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Neil Faulkner

We are deeply saddened by the death of our long-standing colleague and dear friend Neil Faulkner. Neil has been working with us since 2000 writing across all of our magazines and editing Military History Monthly since its first issue. He was a wonderful man, and will be sorely missed by all at Current Publishing


By Patrick Mercer.

Everyone, staff and readers, lost a great friend when Neil Faulkner died aged just 64. He’d been ill with lymphoma for several months, but his irrepressible cheerfulness, positivity and great drive convinced many that this was a crisis from which he would successfully emerge. It did not happen and that’s a huge loss to the military history, archaeological and revolutionary political communities.

From Kent, born in 1958 and educated at Skinners’ School in Tunbridge Wells and King’s College Cambridge, his choice of degree - Social and Political Sciences - signalled his enduring belief and activism for left wing causes. Indeed, he was never happier than when writing and presenting his political views.

Whether you agreed or disagreed with his polemical opinions, he never let that influence his extraordinary work as both a distinguished archaeologist and military historian. Two, major archaeological projects were founded by him which, he punned, were ‘ground breaking’. The Great Arab Revolt Project lasted a decade and allowed Neil’s dual interests to overlap, discovering and illuminating so many unknown aspects of Lawrence of Arabia’s operations. Second, he initiated then led and nurtured the Sedgeford Historical and Archaeological Project which explored several sites in Norfolk ranging from a Christian Anglo-Saxon cemetery to a Second World War aerodrome. The project continues, owing everything - and as a tribute - to his drive and energy.

Having been a teacher for a while after University, he brought a great rigour to his writing. His myriad books that were published ranged from Empire and Jihad to The Decline and Fall of Roman Britain, but it was his editorship of Military History Matters where the full gamut and elasticity of his knowledge became apparent. As a contributor, heaven help you if copy was late or, worse still, you’d made a mistake. But it was his manner of correction that was so remarkable and pointed to the essential characteristics of the man. He demanded the highest standards of both himself and his team, whilst ensuring that he got them with a lightness of touch, charm and ever present, self deprecating humour. It’s a reflection on the power of his character, though, that this obituary is being written in the certain knowledge that Neil, the lynx-eyed editor, stands ready with his correcting pen!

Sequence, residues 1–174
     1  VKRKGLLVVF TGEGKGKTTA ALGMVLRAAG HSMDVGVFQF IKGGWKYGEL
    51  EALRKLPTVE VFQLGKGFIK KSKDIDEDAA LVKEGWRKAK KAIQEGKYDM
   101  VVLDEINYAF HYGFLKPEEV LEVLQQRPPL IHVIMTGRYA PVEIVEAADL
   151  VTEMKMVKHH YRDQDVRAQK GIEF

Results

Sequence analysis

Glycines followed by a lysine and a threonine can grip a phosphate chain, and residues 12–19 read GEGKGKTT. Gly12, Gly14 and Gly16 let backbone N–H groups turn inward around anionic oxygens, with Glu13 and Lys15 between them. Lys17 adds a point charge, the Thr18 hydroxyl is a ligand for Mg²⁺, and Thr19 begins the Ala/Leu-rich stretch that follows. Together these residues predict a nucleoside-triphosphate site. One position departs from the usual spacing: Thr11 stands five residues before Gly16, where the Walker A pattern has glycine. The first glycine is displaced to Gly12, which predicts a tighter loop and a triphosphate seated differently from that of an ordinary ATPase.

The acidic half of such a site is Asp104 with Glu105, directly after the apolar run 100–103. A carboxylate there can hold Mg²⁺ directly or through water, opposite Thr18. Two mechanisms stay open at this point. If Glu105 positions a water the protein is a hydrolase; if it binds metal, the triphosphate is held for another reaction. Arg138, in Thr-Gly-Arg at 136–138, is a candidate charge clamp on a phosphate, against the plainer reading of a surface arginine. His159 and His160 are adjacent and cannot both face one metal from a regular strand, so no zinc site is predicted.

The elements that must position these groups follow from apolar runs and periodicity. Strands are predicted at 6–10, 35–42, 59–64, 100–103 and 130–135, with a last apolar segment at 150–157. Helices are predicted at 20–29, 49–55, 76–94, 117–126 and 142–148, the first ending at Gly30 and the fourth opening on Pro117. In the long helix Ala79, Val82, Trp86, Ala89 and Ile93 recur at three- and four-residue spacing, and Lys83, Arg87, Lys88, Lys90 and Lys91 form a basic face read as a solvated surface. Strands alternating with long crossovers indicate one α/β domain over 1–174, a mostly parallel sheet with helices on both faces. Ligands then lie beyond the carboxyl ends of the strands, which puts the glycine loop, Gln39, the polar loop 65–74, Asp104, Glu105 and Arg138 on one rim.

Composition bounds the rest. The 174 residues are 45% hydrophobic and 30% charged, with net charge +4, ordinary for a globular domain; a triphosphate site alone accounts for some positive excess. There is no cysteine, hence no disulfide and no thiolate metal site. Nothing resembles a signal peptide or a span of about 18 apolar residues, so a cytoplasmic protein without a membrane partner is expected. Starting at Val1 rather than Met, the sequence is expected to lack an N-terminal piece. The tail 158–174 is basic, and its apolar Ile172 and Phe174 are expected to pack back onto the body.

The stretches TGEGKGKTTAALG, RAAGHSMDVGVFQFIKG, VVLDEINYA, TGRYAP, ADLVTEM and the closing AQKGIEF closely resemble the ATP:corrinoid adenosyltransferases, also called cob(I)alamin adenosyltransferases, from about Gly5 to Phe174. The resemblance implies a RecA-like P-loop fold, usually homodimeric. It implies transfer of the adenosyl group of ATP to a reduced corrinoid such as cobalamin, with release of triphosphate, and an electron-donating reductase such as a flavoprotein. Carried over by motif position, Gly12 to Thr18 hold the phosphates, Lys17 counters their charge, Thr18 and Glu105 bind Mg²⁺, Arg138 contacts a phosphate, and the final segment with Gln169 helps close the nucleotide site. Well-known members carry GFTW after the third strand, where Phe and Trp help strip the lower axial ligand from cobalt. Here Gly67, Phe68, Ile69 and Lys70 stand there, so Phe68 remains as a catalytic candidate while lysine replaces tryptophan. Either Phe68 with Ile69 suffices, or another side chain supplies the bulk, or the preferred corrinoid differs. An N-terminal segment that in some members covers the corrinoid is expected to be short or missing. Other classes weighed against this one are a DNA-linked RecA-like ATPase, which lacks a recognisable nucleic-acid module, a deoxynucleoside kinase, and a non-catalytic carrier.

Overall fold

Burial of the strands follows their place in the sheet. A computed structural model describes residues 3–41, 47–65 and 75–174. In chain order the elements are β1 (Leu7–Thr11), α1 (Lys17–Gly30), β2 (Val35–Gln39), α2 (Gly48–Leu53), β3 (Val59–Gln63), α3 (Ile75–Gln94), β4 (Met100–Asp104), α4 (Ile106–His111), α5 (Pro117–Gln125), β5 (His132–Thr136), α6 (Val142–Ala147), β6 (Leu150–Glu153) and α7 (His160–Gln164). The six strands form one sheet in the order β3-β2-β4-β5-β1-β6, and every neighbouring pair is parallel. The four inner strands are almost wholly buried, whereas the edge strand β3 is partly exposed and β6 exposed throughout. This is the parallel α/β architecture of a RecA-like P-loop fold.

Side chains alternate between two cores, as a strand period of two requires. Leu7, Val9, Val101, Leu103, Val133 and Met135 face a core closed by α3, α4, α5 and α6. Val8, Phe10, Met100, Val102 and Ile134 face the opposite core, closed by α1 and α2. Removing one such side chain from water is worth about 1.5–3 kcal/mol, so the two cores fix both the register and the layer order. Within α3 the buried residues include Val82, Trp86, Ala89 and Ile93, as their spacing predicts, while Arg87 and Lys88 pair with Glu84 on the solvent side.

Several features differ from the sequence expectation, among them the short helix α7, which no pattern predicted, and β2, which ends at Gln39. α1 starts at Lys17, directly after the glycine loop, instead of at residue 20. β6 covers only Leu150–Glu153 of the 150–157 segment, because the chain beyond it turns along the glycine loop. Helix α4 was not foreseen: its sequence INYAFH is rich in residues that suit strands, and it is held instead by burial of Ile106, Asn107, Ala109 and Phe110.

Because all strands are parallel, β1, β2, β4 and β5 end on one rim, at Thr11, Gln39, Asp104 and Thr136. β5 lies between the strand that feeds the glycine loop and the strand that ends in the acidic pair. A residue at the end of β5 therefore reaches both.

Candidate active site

This was never more evident than when he presented his studies or guided audiences in the field. Making no secret of his politics, there was some trepidation amongst elements of the House of Commons Defence Committee when Neil led a battlefield tour for them around Cassino. Dressed, perhaps curiously, in shorts, cheesecloth shirt and a straw fedora to fend off the drenching rain, this audience - like all his others - listened, enthralled, any reservations lost in Neil’s erudition.

Neil is survived by his partner Lucy and his three children Tiggy, Rowena and Finnian. Stoical, almost to the point of insouciance, about the invader in his body, I shall miss his Zoom calls with the poster of Che Guevara in the background. The laughter and stainless steel resolve of everyone’s favourite stormy petrel will be hard to replace: our hearts go out to his family.

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